A Johnstown poet will soon have her voice heard.
Arlyn Edelstein, whose nonverbal cerebral palsy has deeply influenced her work, will speak at 6 p.m. Wednesday at the Happy Valley LaunchBox, 224 S. Allen St. in State College, where she will recite poems using the newly patented, motion-activated, augmented personal speech assistant invented by Mary Elizabeth McCulloch, a recent Penn State University biomedical engineering graduate.
Edelstein, whose theme is “My Voice, My Power,”will recite her original work using the pioneering Vive system.
Normally unable to speak, she constructs words, sentences and phrases through the interconnected use of a special earpiece, a pressure-activated pedal and the Vive editing software. Her use of the foot pedal acts like a pen or keyboard.
After she has selected her words, they are amplified and read aloud through a Bluetooth-linked speaker.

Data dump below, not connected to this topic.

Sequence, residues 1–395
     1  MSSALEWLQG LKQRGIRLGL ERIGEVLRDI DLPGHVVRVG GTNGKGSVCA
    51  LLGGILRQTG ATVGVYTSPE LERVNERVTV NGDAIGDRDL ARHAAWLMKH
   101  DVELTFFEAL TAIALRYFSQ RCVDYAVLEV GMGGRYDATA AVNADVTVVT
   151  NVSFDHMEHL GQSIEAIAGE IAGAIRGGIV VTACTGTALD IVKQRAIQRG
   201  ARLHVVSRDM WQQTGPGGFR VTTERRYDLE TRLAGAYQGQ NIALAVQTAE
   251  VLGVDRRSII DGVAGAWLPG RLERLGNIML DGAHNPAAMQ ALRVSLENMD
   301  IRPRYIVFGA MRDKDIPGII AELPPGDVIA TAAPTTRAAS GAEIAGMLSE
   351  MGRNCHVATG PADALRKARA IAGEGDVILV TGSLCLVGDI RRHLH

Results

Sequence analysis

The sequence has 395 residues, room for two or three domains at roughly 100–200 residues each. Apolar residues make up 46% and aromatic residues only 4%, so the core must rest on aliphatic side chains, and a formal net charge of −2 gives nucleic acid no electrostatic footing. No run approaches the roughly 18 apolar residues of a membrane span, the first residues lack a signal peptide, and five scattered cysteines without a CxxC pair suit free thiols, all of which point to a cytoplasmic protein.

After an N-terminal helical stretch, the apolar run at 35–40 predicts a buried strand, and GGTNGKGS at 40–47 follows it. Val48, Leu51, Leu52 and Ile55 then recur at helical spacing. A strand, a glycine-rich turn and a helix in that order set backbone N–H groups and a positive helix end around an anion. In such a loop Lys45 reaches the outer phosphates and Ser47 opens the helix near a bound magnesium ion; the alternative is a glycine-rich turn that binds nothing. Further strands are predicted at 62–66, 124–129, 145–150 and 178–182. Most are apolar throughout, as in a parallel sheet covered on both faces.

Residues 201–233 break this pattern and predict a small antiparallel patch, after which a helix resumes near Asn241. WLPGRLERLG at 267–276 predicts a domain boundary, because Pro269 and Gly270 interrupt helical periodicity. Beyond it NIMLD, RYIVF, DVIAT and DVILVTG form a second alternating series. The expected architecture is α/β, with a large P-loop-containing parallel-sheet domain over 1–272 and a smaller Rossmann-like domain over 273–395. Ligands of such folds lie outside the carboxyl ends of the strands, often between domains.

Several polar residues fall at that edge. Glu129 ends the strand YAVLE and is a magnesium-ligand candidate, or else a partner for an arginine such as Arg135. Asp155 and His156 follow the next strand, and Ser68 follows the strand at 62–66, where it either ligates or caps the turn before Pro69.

The vocabulary, stored in the small control unit’s memory, is easily expandable and culturally adaptable through the Vive editing software.
Edelstein has been collaborating with Project Vive since July in preparation for the event.
“I can’t believe it,” Edelstein said via Voz Box. “I have been hoping to do this all my life.”
McCulloch, who developed the Vive voice-augmentation concept while a volunteer for children with nonverbal cerebral palsy in Ecuador, will demonstrate one of her team’s adaptive communications devices that’s being developed for worldwide mass markets.
“Arlyn’s poetry, that reflects on nature and her life with cerebral palsy, has inspired us as a team and showed us the life-changing potential of the Voz Box,” she said.
The invention has won wide acclaim and is among the featured small businesses at the Penn State LaunchBox accelerator.
Live music will be performed by Isaac Moyer and refreshments will be served.
The event is open to the public.